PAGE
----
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Charting Fun with Krugman
Tags The FedFree MarketsInterventionismOther Schools of Thought
In a few recent blog posts, Paul Krugman used bar graphs and tables to (allegedly) prove the superiority of his views over those of the Austrians. Yet, as I'll show in this article, I can use Krugman's own data to demonstrate the exact opposite.
Krugman on the Fed and Banking Panics
Perhaps spurred by his Bloomberg debate with Ron Paul, Krugman posted the following regarding financial panics and the US central bank:
There's a very widespread belief on the right that banking crises only happen because either the Fed or Barney Frank cause them; go back to a gold standard, and there would be no need for financial regulation or anything like that.
This is, of course, nonsense; Walter Bagehot knew all about financial crises, which have been a constant feature of modern economies since at least the early 19th century. Just to drive the point home, I thought it might be worth posting Gary Gorton's chart (see pdf) of "panics" before the Fed went into operation:
Panics will happen; the question is how they are contained. (emphasis added)
Now although Krugman doesn't explicitly say "Ron Paul" or "Austrian economists," I think he has to have them in mind here. After all, before the Austrians rose in popularity, hardly anybody talked about the gold standard, let alone abolishing the central bank. It was the Austrians, and most notably Ron Paul, who put those ideas back into the limelight so that Paul Krugman feels the need to address the issue.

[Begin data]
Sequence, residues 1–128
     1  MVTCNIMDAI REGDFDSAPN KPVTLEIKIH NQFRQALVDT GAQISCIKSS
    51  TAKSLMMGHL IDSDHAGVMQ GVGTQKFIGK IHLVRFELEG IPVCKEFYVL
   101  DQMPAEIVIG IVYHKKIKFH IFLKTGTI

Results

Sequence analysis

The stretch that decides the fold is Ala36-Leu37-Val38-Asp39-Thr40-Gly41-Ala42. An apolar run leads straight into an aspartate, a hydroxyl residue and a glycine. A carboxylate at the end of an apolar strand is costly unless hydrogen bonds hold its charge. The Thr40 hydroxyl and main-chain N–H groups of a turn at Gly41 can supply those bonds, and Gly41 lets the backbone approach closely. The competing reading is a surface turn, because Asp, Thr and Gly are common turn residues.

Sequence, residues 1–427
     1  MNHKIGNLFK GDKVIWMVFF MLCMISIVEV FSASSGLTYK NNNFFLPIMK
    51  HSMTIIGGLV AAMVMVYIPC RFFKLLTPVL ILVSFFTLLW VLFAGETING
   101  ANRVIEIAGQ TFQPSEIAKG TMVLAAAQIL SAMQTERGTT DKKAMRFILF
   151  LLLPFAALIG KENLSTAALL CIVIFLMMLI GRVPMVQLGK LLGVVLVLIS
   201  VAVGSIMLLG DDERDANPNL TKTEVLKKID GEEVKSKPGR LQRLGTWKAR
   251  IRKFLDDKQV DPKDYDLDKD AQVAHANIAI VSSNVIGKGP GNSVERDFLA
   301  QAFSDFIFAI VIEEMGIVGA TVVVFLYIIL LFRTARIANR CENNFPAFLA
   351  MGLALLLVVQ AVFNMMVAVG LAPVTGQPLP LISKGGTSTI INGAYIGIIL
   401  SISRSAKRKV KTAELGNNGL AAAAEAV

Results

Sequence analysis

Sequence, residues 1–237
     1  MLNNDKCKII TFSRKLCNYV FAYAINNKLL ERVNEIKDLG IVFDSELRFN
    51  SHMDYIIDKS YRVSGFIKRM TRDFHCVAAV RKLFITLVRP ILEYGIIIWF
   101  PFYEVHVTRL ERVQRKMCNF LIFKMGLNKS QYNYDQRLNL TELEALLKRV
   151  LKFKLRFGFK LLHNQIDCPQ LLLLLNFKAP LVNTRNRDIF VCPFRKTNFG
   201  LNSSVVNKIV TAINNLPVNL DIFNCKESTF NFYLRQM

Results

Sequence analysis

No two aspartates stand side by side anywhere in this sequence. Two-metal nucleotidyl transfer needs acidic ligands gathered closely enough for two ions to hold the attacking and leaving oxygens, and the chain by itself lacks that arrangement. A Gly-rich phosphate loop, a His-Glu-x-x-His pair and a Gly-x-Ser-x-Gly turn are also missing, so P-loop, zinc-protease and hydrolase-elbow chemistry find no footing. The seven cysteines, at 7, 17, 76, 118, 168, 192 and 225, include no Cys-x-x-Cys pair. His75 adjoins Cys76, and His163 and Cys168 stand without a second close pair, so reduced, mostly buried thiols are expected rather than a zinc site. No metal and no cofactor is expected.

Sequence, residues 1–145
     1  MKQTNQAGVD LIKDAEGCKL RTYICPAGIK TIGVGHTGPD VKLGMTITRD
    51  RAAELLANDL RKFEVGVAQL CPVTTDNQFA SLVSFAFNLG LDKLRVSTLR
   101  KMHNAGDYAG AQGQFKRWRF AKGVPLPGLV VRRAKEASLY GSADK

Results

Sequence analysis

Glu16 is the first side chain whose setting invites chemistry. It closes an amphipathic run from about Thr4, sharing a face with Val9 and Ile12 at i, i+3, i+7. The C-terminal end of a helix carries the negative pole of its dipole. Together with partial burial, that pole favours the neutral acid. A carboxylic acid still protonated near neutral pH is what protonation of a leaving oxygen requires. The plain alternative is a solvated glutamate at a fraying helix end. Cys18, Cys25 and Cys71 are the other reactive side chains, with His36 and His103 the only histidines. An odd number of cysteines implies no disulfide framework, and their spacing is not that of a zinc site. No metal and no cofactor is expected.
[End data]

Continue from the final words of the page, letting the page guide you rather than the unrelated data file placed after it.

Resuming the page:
In that light, Krugman is simply making stuff up when he says such people think banking panics never happened before the Fed. Murray Rothbard's doctoral dissertation was The Panic of 1819, and Rothbard also wrote on the history of the Fed, so I'm pretty sure he wouldn't be shocked by Krugman's table.
But besides the cheap debating ploy — setting up his opponents as believing something obviously ridiculous — Krugman leaves open the door to his own demise in his final sentence, after the chart, when he writes, "Panics will happen; the question is how they are contained."
Fortunately, Krugman himself provides the answer in a follow-up post on the very same day. In this new post he writes,
A followup on this post. We had frequent banking panics before there was a Fed; how bad were they?
Well, Christy Romer has an old paper (see PDF) on long-run volatility, in which she created a metric: percentage-point months of industrial production lost until previous peak was regained:
So some of those pre-Fed panics were worse than the big slumps of 1974 and 1981, although far short of Great Depression stuff.